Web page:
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Books I Never Opened

When father and mother

packed our belongings into crates and sailed away

from the old house they shared for years

with my paternal grandparents

its living room flanked by shelves

of gold-embossed holy books, which as a child

seemed to me had seldom been opened.


A handful of secular books, unpretentious

in their canvas covers, somehow survived

and made their way across the ocean

to a new chapter of my childhood.


Two of these sat for years

side-by-side in a built-in bookshelf

and I, immersed in robots, time machines

and space adventures, hardly gave them a thought

as they lay forgotten – rescued relics from

my parents’ past – parents who grew further apart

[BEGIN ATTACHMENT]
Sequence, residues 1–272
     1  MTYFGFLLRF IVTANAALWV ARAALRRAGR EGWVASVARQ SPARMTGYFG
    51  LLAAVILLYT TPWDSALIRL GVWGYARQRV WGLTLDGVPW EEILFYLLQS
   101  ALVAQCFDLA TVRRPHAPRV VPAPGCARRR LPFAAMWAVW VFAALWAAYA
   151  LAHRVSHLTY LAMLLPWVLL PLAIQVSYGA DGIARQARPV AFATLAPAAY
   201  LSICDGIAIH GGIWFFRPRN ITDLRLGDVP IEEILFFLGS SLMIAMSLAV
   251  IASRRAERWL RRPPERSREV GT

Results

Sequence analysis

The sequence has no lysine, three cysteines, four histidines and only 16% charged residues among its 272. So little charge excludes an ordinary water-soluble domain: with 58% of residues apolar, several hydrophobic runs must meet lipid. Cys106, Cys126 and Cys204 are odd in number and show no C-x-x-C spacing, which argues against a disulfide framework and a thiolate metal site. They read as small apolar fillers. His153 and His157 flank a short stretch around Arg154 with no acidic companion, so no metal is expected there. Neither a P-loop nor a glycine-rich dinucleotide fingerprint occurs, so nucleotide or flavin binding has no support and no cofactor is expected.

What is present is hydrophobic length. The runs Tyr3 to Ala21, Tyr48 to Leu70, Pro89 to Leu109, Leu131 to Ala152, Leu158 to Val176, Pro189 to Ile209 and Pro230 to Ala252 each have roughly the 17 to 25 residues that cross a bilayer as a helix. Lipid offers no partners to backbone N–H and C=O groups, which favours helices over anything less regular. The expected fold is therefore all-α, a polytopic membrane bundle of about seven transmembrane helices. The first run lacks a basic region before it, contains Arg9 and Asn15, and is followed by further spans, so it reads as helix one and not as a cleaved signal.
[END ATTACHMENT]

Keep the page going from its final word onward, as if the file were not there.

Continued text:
from each other, in their preoccupations,

their separate lives, that unbeknown to me then,

would soon part them forever.


Looking back, decades later, I can still

see those two books, one pink, the other brown,

rubbing shoulders in some closed-covered mutual act

of disregard, like strangers who pass daily on the street

wordless, avoiding eye contact, just two old books

in implausible juxtaposition:

“World Without Borders” and

“The Man Who Understood Women”

titles, each in its own way, representing a wish, un-granted

my father passed down to his son.

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© Johnmichael Simon



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